When you live on the coast, it makes it more difficult to travel to other parts of the country in a quick fashion. Living in the middle of the country cuts down on time spent in a car or plane when you want to get away from home.
The slow lifestyle of the Midwestern U.S. makes it so that folks want to go on vacations and see the big cities. You get to live the best of both worlds in the middle of the country. You can enjoy the secluded atmosphere of the Midwest, and easily take a break from it when you want to. California and New York are just a few hours away from a city in Missouri or Kansas.
#4 – There’s Less Crime
Many of the most dangerous cities in the U.S. are the big ones on the coasts. New York City, Los Angeles, Seattle, and many others have seen increases in criminal activity in recent years. And while there are infamously violent metropolises like Detroit and Chicago in the Midwest, there is a sharp decrease in crime in the rural towns that we want to focus on here.
The large amount of tiny locations to live in the Midwest means that you can have the peace of mind that your family is safe to raise there. Naperville, Illinois was ranked as the safest city in the U.S. in 2021 by the cost of crime per capita. Several other cities in the Midwest also ranked in the top five: Cary, North Carolina, and Carmel, Indiana.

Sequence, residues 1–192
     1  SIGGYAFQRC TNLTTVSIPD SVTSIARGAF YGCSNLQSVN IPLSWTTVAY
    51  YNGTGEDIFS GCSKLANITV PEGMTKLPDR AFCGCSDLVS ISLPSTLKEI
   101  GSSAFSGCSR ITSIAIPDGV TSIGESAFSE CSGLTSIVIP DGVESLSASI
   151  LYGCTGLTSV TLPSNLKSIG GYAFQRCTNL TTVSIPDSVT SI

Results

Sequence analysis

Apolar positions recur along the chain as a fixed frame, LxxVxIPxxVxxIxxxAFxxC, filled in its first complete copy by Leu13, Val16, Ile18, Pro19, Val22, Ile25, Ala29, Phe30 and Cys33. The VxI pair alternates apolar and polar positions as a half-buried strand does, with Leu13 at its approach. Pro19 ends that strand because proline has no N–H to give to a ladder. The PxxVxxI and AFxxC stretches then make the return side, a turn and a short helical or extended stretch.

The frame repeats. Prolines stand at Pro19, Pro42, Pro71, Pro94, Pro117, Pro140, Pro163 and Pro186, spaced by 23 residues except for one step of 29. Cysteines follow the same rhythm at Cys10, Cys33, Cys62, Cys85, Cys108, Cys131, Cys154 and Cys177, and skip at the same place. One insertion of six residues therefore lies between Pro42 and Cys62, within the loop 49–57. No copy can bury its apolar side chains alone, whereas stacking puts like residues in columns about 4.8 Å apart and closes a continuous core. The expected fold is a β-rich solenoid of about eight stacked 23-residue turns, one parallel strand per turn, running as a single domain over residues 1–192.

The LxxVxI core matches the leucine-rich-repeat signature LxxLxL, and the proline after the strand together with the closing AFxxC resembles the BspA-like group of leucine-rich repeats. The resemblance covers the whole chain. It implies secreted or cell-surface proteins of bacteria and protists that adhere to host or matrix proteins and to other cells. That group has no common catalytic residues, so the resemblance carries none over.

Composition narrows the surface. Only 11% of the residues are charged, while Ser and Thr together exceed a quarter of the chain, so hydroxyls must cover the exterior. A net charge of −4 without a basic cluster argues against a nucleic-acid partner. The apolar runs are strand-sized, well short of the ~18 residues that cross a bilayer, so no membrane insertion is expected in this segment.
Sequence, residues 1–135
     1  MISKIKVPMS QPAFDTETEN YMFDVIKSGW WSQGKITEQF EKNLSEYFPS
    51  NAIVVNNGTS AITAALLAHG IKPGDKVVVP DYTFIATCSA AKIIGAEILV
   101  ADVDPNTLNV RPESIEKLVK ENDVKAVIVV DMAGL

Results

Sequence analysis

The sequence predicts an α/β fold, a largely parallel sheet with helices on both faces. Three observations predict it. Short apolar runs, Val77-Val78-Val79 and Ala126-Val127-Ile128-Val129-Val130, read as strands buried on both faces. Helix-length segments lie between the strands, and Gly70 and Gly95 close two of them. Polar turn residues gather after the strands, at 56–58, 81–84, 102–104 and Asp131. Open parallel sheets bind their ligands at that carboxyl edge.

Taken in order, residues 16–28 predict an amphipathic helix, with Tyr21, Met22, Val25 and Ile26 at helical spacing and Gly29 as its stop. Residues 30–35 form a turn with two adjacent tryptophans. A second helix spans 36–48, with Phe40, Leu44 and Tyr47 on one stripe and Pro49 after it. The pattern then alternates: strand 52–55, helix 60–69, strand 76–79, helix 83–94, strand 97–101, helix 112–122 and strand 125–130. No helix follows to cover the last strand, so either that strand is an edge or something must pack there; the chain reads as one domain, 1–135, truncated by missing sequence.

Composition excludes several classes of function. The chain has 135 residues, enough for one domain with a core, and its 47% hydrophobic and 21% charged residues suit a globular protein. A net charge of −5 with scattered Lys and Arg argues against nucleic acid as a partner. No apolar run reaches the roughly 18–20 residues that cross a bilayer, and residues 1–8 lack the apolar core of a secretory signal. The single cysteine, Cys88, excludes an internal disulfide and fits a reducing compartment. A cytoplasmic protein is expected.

Less crime means lower prices on car and homeowners insurance. Companies don’t have to worry about a criminal activity like theft and vandalism nearly as much in cities like the ones listed above.
People who live in these small Midwestern cities don’t pose a large risk of filing a claim. Folks who live there can still contribute to their safety by locking their doors and getting security systems.
Living in the Midwest isn’t for everyone. Some people are going to enjoy the busyness of a large city that many states in this region can’t provide. But if you want a balanced lifestyle with a lot of friendly neighbors and convenient flights to the coasts, the middle of the U.S. is right for you.
Shawn Laib writes and researches for the car insurance site, CarInsurance.org. He wants to help inform people of the ways that living in different parts of the country affects car insurance rates.